An Exploration of Search Code

April 9, 2021

Software engineer Bard de Geode posts an exercise in search coding on his blog—“Building a Full-Text Search Engine in 150 Lines of Python Code.” He has pared down the thousands and thousands of lines of code found in proprietary search systems to the essentials. Of course, those platforms have many more bells and whistles, but this gives one an idea of the basic components. Navigate to the write-up for the technical details and code snippets that I do not pretend to follow completely. The headings de Geode walks us through include Data, Data preparation, Indexing, Analysis, Indexing the corpus, Searching, Relevancy, Term frequency, and Inverse document frequency. He concludes:

“You can find all the code on Github, and I’ve provided a utility function that will download the Wikipedia abstracts and build an index. Install the requirements, run it in your Python console of choice and have fun messing with the data structures and searching. Now, obviously this is a project to illustrate the concepts of search and how it can be so fast (even with ranking, I can search and rank 6.27m documents on my laptop with a ‘slow’ language like Python) and not production grade software. It runs entirely in memory on my laptop, whereas libraries like Lucene utilize hyper-efficient data structures and even optimize disk seeks, and software like Elasticsearch and Solr scale Lucene to hundreds if not thousands of machines. That doesn’t mean that we can’t think about fun expansions on this basic functionality though; for example, we assume that every field in the document has the same contribution to relevancy, whereas a query term match in the title should probably be weighted more strongly than a match in the description. Another fun project could be to expand the query parsing; there’s no reason why either all or just one term need to match.”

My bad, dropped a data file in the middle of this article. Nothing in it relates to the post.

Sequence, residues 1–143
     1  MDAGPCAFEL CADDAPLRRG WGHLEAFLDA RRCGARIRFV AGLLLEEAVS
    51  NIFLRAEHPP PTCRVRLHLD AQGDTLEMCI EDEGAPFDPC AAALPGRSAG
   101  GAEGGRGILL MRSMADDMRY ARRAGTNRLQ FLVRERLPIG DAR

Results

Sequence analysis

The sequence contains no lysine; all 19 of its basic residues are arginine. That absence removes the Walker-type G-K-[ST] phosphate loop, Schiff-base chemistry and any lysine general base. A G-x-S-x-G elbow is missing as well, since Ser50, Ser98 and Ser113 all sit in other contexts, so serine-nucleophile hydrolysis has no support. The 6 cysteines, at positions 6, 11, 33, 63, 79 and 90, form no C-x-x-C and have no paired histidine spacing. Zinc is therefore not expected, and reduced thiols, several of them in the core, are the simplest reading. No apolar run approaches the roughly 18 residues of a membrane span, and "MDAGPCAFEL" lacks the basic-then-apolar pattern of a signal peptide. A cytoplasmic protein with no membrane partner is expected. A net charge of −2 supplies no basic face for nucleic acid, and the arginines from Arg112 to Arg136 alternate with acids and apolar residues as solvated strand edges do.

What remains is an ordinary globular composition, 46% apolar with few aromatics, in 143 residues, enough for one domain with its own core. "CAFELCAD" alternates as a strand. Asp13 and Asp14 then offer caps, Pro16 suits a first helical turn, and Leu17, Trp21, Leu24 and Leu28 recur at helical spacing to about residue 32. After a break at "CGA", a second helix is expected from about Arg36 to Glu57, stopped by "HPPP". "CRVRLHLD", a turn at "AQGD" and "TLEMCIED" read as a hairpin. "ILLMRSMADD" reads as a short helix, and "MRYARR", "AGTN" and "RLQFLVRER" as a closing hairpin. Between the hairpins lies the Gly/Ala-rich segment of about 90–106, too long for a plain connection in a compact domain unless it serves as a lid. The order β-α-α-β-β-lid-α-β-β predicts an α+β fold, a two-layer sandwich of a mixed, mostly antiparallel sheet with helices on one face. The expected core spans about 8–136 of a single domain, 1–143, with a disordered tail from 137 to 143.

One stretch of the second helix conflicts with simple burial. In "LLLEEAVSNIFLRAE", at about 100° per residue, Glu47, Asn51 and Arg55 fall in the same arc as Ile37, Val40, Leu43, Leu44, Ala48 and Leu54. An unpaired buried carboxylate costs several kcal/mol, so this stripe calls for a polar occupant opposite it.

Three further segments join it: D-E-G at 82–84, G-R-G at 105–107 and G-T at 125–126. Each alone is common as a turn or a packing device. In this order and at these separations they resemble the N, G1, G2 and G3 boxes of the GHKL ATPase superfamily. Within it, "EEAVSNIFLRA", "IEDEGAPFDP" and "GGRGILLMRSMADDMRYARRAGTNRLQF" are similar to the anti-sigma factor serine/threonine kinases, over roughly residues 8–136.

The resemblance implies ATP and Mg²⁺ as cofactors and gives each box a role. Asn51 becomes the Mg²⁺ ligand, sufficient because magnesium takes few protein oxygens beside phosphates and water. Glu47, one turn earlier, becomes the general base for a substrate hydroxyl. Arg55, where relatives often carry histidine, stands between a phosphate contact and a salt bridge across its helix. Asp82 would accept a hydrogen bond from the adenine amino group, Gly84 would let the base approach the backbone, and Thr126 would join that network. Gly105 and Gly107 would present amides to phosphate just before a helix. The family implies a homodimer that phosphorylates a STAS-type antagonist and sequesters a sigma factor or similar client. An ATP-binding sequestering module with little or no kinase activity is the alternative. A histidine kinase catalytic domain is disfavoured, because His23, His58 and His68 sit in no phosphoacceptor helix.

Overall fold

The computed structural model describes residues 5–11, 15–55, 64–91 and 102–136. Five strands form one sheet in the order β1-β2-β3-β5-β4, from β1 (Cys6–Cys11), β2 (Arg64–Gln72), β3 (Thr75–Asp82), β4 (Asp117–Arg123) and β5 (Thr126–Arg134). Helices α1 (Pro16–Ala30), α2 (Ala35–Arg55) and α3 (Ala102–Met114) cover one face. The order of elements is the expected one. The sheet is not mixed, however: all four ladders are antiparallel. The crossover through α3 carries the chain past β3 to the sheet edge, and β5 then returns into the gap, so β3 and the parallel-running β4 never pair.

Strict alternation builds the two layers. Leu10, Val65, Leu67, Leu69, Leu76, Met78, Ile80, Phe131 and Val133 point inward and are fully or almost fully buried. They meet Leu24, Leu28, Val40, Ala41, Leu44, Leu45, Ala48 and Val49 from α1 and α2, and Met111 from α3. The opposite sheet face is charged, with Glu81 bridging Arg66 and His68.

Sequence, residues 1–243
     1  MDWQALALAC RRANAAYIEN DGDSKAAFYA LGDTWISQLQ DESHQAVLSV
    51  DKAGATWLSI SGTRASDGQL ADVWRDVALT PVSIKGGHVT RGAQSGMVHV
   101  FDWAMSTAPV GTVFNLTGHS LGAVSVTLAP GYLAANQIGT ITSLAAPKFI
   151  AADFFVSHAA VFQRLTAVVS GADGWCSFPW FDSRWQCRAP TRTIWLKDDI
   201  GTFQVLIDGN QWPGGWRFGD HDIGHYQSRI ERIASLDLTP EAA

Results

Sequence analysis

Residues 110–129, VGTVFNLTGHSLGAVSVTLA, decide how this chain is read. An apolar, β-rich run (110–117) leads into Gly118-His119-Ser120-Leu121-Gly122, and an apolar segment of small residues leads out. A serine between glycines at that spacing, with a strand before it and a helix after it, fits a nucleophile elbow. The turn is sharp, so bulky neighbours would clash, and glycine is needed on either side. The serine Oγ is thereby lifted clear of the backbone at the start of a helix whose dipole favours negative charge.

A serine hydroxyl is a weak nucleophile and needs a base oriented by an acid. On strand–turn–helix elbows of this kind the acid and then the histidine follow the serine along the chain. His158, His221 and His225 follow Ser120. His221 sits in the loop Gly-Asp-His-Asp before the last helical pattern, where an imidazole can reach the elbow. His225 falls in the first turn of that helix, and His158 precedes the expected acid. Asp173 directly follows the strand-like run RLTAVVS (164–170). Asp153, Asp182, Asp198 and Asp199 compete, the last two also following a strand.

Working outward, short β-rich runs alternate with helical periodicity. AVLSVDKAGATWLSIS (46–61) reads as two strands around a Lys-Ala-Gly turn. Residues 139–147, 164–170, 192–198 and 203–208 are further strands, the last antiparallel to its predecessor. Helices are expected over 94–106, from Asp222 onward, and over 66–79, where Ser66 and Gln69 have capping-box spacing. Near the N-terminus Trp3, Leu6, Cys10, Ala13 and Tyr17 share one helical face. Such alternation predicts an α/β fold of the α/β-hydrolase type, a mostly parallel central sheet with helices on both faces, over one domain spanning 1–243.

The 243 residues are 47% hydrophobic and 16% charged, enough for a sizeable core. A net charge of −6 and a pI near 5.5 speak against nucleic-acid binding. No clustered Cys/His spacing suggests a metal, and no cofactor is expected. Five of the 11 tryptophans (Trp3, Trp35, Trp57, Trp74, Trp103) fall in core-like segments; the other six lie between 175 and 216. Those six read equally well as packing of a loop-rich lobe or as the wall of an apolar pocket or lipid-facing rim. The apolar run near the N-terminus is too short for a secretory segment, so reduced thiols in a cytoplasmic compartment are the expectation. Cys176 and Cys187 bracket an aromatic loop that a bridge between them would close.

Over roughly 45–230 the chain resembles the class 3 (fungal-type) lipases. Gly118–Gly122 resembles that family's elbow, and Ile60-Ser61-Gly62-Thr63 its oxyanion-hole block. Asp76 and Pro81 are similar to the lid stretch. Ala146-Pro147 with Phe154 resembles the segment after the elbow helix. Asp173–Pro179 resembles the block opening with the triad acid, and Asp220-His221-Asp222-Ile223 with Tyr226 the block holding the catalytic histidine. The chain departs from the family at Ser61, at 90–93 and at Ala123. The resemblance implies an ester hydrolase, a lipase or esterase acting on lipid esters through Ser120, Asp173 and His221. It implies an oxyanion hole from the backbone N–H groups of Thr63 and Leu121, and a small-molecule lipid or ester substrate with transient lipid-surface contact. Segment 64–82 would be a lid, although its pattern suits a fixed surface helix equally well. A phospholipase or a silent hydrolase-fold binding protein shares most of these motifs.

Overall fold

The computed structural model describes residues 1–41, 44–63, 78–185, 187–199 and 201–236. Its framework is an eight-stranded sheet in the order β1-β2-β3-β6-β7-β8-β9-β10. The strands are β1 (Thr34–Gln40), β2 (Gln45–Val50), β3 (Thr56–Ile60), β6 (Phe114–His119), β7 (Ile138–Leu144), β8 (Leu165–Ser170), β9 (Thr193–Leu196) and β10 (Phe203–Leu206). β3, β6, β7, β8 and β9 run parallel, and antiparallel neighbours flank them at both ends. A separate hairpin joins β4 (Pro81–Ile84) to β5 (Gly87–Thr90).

Fore more information, de Geode recommends curious readers navigate to MonkeyLearn’s post “What is TF-IDF?” and to an explanation of “Term Frequency and Weighting” posted by Stanford’s NLP Group. Happy coding.

Cynthia Murrell, April 9, 2021

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